The Botanists

Description (Brief)
Sentimental genre prints documented the social image of Victorian virtue through domestic scenes of courtship, family, home life, and images of the “genteel female.” Children are depicted studying nature or caring for their obedient pets as they learn their place in the greater world. Romantic scenes picture devoted husbands with their contented, dutiful wives. In these prints, young women educated in reading, music, needlework, the arts, the language of flowers, basic math and science are subjugated to their family’s needs.
These prints became popular as lithography was introduced to 19th Century Americans. As a new art form, it was affordable for the masses and provided a means to share visual information by crossing the barriers of race, class, and language. Sentimental prints encouraged the artistic endeavors of schoolgirls and promoted the ambitions of amateur artists, while serving as both moral instruction and home or business decoration. They are a pictorial record of our romanticized past.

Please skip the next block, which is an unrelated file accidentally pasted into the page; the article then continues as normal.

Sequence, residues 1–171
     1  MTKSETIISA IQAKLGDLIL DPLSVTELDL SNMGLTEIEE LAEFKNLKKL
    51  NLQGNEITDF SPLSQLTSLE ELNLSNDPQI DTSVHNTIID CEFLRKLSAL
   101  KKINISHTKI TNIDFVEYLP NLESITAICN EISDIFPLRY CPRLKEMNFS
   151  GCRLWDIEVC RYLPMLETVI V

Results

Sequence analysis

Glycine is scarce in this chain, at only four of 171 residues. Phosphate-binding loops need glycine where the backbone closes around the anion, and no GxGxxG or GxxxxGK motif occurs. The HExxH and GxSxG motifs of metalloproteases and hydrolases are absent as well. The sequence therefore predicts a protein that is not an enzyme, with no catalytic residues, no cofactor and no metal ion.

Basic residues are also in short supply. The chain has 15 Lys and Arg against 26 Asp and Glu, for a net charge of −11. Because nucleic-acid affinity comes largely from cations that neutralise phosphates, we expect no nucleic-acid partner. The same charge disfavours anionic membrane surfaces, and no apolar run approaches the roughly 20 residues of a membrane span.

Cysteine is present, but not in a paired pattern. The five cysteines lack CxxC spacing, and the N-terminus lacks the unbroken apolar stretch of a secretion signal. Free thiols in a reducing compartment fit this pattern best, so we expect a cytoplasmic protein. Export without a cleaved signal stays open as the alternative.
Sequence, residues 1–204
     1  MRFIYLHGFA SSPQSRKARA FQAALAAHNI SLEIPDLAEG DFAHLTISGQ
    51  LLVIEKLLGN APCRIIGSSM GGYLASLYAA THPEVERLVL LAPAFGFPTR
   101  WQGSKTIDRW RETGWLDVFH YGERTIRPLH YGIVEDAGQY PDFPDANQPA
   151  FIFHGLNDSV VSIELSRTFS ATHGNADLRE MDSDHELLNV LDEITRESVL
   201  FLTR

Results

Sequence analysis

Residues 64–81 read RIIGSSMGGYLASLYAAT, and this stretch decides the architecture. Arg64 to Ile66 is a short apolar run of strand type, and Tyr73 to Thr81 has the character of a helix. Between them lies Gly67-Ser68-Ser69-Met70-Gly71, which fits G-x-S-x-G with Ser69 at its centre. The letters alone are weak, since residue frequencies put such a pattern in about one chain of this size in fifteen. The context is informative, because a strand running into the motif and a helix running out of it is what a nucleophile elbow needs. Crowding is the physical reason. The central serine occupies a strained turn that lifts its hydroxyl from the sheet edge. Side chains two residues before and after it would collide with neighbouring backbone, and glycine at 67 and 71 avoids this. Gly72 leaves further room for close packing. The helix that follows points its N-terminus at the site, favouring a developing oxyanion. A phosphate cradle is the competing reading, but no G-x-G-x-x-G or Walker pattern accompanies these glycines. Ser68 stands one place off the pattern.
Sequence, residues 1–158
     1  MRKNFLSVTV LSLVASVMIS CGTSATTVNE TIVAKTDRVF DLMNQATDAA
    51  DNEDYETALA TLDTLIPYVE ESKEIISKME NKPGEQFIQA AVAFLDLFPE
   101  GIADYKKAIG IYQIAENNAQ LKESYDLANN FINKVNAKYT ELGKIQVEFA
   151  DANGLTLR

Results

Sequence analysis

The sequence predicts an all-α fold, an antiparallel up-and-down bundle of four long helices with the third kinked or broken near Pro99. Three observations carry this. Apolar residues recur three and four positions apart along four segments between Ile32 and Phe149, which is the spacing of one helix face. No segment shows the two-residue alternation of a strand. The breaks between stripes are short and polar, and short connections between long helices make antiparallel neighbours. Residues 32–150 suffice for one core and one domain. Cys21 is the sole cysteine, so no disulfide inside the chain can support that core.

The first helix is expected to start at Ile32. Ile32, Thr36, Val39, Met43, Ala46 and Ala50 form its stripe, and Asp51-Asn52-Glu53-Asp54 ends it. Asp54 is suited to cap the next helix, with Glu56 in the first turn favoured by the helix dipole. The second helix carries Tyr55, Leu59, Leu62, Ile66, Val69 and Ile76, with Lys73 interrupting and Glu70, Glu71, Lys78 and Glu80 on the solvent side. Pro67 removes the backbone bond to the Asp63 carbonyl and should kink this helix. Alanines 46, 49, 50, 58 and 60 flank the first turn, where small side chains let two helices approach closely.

This is a black and white print of a young woman seated on a bench with a young boy beside her and a toddler at her feet. She has a basket of flowers on her lap and another beside her. The title of the print indicates the interest in botany and the natural world.
The print was produced by the lithographic firm of D. W. Kellogg & Co. of Hartford, Connecticut. Daniel Wright Kellogg, established this family business that would flourish for decades under his younger brothers and other family members.
Location
Currently not on view
date made
1830-1840
maker
D. W. Kellogg and Company
place made
United States: Connecticut, Hartford
Physical Description
paper (overall material)
ink (overall material)
Measurements
image: 8 1/2 in x 8 1/2 in; 21.59 cm x 21.59 cm
overall: 17 1/2 in x 11 1/4 in; 44.45 cm x 28.575 cm
ID Number
DL*60.2222
catalog number
60.2222
accession number
228146
Credit Line
Harry T. Peters "America on Stone" Lithography Collection
subject
Children
Flowers
See more items in
Home and Community Life: Domestic Life
Clothing & Accessories
Domestic Furnishings
Art
Peters Prints
Data Source
National Museum of American History, Kenneth E. Behring Center

Comments

Add a comment about this object